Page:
Writing what you want to read
Flipping through the TV channels the other night, Jami Davis stopped at a man lamenting over the atrocities of online, ‘amateur’ content and its destructive path through the very foundation of its counterpart ‘expert’ content. This man believed the amateur would bring society to its knees.
The interview then cut to a man sitting on a park bench easily talking about the blossoming era of the amateur. He didn’t believe the amateur was stealing the expert’s thunder, but rather allowing us all to share information with each other more freely.
This is part of a long ongoing debate on how the digital revolution is affecting our society. As reported on Expatica in the article ‘Seeing ourselves through the internet’, during a debate on the influence of the internet on our society, Andrew Keen, author of 'The cult of the amateur', aggressively defends the authority of professionals and experts. Countering Keen’s ideas, Andrew Weinberger says that "authority and trust are far more complex" than the way Keen looks at it and believes that it all depends on who we turn to and why we trust them.
An amateur as defined by Wikipedia is a person attached to a particular pursuit, study, or science, without formal training or pay. Since amateurs often do not have training, amateur work can sometimes be seen as sub-par. However amateurism is also a voluntary motivation to work as a result of personal passion for a particular activity, and where there’s passion, excellence can follow.
Sites like Wikipedia have rocketed to success due to people with a passion for sharing information, both amateur and professional, and whether they know what they are talking about is again measured by other contributors, who may be ‘experts’, professionals or amateurs.
Expatica.com also sees this trend. When Editor of Expatica Netherlands Natasha Gunn pondered in one of her editor’s diaries on why the Dutch hadn’t developed the art of making great ice-cream like the Italians, she received an outpouring of responses from readers. We all discovered that yes, there is indeed good Dutch ice cream, and here’s where to find it.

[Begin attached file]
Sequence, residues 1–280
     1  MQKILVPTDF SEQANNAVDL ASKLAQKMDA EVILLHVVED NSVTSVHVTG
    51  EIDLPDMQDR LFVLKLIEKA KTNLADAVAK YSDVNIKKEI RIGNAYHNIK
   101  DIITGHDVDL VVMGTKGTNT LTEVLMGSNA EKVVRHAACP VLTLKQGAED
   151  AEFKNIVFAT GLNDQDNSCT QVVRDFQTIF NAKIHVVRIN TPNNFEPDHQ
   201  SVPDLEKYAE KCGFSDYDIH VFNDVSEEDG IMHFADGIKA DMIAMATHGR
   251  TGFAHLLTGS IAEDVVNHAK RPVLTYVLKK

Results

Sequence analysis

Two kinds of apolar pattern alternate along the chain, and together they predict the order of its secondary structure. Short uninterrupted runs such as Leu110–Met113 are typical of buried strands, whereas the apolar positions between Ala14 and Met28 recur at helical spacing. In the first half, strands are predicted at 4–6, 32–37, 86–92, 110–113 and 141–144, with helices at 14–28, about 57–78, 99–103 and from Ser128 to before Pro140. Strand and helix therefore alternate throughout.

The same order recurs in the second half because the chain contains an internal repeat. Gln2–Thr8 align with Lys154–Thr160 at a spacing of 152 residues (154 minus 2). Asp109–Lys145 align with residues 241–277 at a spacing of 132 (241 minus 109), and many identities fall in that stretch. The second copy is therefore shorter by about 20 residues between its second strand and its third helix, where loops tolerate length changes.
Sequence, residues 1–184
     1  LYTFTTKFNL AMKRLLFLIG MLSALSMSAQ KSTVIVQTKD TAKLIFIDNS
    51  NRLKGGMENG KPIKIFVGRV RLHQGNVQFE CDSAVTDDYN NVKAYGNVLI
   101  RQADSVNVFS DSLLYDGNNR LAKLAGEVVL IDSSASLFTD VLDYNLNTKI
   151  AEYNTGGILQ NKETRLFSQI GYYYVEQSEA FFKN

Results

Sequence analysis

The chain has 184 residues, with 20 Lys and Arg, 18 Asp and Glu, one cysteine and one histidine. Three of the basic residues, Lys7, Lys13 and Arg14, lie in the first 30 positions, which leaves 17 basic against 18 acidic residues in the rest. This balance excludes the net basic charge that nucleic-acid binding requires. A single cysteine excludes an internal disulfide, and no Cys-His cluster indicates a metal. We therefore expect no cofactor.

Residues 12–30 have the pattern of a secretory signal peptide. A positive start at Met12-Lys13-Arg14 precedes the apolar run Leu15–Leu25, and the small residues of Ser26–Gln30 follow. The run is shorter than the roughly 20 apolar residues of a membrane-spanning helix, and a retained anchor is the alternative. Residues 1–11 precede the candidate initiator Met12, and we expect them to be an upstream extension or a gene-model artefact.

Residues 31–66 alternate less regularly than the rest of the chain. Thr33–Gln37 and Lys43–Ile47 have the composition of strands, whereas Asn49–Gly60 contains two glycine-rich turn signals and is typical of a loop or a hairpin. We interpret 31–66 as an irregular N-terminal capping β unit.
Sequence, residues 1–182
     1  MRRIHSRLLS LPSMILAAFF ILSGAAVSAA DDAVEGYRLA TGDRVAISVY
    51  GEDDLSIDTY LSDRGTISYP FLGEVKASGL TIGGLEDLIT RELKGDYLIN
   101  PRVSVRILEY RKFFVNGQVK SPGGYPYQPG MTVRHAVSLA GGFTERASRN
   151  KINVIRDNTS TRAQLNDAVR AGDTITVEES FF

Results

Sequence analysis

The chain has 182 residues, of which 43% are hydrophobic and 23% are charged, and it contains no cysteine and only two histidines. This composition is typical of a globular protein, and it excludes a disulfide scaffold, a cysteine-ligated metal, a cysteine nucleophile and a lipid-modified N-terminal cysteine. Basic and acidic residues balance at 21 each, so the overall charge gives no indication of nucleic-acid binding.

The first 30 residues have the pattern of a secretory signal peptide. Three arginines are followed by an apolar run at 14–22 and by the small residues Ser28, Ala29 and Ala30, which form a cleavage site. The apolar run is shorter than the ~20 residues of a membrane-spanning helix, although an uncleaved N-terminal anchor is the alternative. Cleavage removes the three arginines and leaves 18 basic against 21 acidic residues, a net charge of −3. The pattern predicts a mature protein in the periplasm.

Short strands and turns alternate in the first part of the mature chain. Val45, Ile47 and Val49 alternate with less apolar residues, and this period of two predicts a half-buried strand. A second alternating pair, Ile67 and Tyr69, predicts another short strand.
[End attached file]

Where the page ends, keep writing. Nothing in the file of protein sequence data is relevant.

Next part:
Although Expatica publishes copy from professional sources and written by the experts, we'd also like your input, not only because it reflects your views and knowledge of living abroad, but because other readers enjoy reading it.
So we’re inviting you to provide your views and advice on living in the Netherlands. Tell us about your life, your experiences; your love of this country (or your discontent)…
Some of the best
We’ve selected a few of the best submissions, which are varied in topic and style, for you to get an idea of what we’ve already published:
By Ciarán ONéill
Such a flap over Eurovision contender Colin McGovern
By Paola Duque-Westbeek
Rita rocks Holland
Lousewies van der Laan
Amanda van Mulligen
The Maxima and the minima
Double Dutch paperwork pays off
Not interested in the articles above? Then send us something that does interest you. Most likely this is what other expats would like to read about too.
For those of you that want to debate with the international community, check out our forums.
Send your written submissions to email@example.com
You can also contribute by sending photos or videos. You can either send them to firstname.lastname@example.org or add them to our newly-created flickr group at http://www.flickr.com/people/expatica/. All contributed material will be credited accordingly.
Photos by Expatica readers: Green parrrot by Ciarán ONéill, Rembrandt park and cyclist by Alex Cima.
2 May 2008